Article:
Skip directly to search Skip directly to A to Z list Skip directly to navigation Skip directly to page options Skip directly to site content

PCD News Summary for October 19, 2017

PCD logo - preventing chronic disease

About the Journal: Published every Thursday, Preventing Chronic Disease (PCD) is a peer-reviewed online journal established by CDC’s National Center for Chronic Disease Prevention and Health Promotion. The News Media Branch prepares press summary packets each week. To receive these press summaries on an embargoed basis, send an e-mail to media@cdc.gov. Please note that this e-mail list is for credentialed journalists only. All others, please visit Hookup to Health to sign up for e-mail updates.

Notice to News Media – PCD Release Time and Embargo Policy:
CDC’s News Media Branch releases to reporters the PCD media packet every Tuesday afternoon between 12 and 2 pm.

Embargoed until Thursday, October 19, at 12:00 PM ET


Do Black Women’s Religious Beliefs About Body Image Influence Their Confidence in Their Ability To Lose Weight?

Black women’s religious views may influence their confidence in their ability to lose weight. In 2014, researchers recruited 240 church-affiliated black women aged 18 to 80 years from six black churches that participated in a larger study, Project FIT (Faith Influencing Transformation), a clustered, diabetes/heart disease/stroke intervention among black women and men. Baseline data from Project FIT was used to conduct a cross-sectional study consisting of a survey. Body mass index was associated with motivation to lose weight, and beliefs about body image in relation to God predicted confidence in ability to lose weight. Researchers suggest that faith-based, weight-loss interventions targeting black women should emphasize physical well-being and highlight the health benefits of weight management rather than the benefits of altering physical appearance.

Melissa Newton
mnewton@cdc.gov
404-718-6281


Prevalence of Single and Multiple Leading Causes of Death by Race/Ethnicity Among People Aged 60 to 70 Years

A study of chronic conditions and leading causes of death found that Hispanics and non-Hispanic blacks were twice as likely as non-Hispanic whites to die of complications related to diabetes. Researchers conducted a comprehensive assessment of how the leading causes of death in the United States differ among non-Hispanic blacks, non-Hispanic whites, and Hispanics according to age, sex, geographic region, and education level. They found that the prevalence of diabetes as a single condition and the combination of diabetes and cardiovascular disease were significantly higher among Hispanics and non-Hispanic blacks than among non-Hispanic whites. Multiple chronic conditions, including cancer frequency, were highest among non-Hispanic whites. Racial differences in the prevalence of multiple chronic conditions differed more by education than by age group or sex.

Melissa Newton
mnewton@cdc.gov
404-718-6281


Mammography use in Portugal: Results from the National Health Survey 2014

Despite a 10 percent increase in mammogram screening among women in Portugal over the last decade, a considerable number of women have never had a mammogram or do not follow screening recommendations. Researchers showed that 96.2 percent of Portuguese women eligible for breast cancer screening in 2014 had ever received a mammogram, an increase of approximately 10 percent in mammography use since the 2005–2006 National Health Survey. However, a considerable percentage of women have never had a mammogram or did not follow screening. The prevalence of nonuse and underuse was lower among women aged 45 to 69, the age targeted for screening, than among women aged 30 to 44 and women aged 70 or older. Regional variations persisted, and patterns of mammography use differed according to sociodemographic characteristics and access to and use of health care services.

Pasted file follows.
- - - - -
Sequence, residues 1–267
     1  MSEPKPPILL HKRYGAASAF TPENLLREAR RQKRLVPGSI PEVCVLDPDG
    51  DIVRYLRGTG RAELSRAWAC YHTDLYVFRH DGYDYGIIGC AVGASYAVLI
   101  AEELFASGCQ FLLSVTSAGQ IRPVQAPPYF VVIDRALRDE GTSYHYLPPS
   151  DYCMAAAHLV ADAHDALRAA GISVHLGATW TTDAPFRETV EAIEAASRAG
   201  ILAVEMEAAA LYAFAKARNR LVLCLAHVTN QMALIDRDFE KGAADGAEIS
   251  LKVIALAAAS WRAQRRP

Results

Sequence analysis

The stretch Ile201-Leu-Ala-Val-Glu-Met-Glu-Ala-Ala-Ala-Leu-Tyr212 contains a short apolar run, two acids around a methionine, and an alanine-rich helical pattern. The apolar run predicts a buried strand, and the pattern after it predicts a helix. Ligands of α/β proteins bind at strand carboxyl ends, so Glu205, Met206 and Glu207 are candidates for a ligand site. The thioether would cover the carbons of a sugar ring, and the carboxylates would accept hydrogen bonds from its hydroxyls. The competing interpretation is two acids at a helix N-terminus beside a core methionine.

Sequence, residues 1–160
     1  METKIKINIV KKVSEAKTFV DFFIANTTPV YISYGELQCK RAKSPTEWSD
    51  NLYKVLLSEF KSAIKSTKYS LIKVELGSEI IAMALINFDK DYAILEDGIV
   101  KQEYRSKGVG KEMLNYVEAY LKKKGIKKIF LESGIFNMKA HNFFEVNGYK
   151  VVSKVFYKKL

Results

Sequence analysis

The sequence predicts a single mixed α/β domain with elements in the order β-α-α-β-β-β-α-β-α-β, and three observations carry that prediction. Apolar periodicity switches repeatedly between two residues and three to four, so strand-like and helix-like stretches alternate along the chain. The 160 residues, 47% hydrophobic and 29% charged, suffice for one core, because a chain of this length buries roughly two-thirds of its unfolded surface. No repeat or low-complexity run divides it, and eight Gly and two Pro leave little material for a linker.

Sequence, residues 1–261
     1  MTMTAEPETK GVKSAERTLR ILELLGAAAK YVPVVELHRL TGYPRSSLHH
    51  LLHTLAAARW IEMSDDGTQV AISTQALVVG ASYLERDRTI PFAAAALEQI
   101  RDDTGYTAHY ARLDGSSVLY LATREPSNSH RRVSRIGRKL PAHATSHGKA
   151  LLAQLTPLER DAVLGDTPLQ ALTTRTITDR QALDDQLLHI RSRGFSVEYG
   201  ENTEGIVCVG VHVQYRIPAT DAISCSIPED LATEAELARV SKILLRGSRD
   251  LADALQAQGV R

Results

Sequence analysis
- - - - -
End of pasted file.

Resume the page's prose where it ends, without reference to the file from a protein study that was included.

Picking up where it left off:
Melissa Newton
mnewton@cdc.gov
404-718-6281


Comparison of Methods for Estimating Prevalence of Chronic Diseases and Health Behaviors for Small Geographic Areas: Boston Validation Study, 2013

Model-based estimates of chronic disease and health behaviors are reliable and valid at the city level for certain health outcomes, allowing local health authorities to use neighborhood-level estimates if high quality local health survey data are not otherwise available. Population health measures at small geographic area levels help local governments with public health program planning, resource allocation, and health care decision making and delivery. However, county or sub-county-level population health data are typically not available or are less reliable because of small sample sizes. To meet growing needs, the Centers for Disease Control and Prevention (CDC) developed The 500 Cities Project which provides small-area estimates at the city and census-tract levels for various measures related to public health priorities and impact. This CDC study evaluated model-based estimates in The 500 Cities Project by comparing them with local survey data.

Melissa Newton
mnewton@cdc.gov
404-718-6281


 

###

Note: Not all articles published in PCD represent work done at CDC. In your stories, please clarify whether a study was conducted by CDC (“a CDC study”) or by another institution (“a study published by CDC”). The opinions expressed by authors contributing to PCD do not necessarily reflect the opinions of CDC or the institutions with which the authors are affiliated. PCD requests that, when possible, you include a live link to the article in your stories. 

###

U.S. DEPARTMENT OF HEALTH AND HUMAN SERVICES

CDC works 24/7 protecting America’s health, safety and security. Whether diseases start at home or abroad, are curable or preventable, chronic or acute, stem from human error or deliberate attack, CDC is committed to respond to America’s most pressing health challenges.

TOP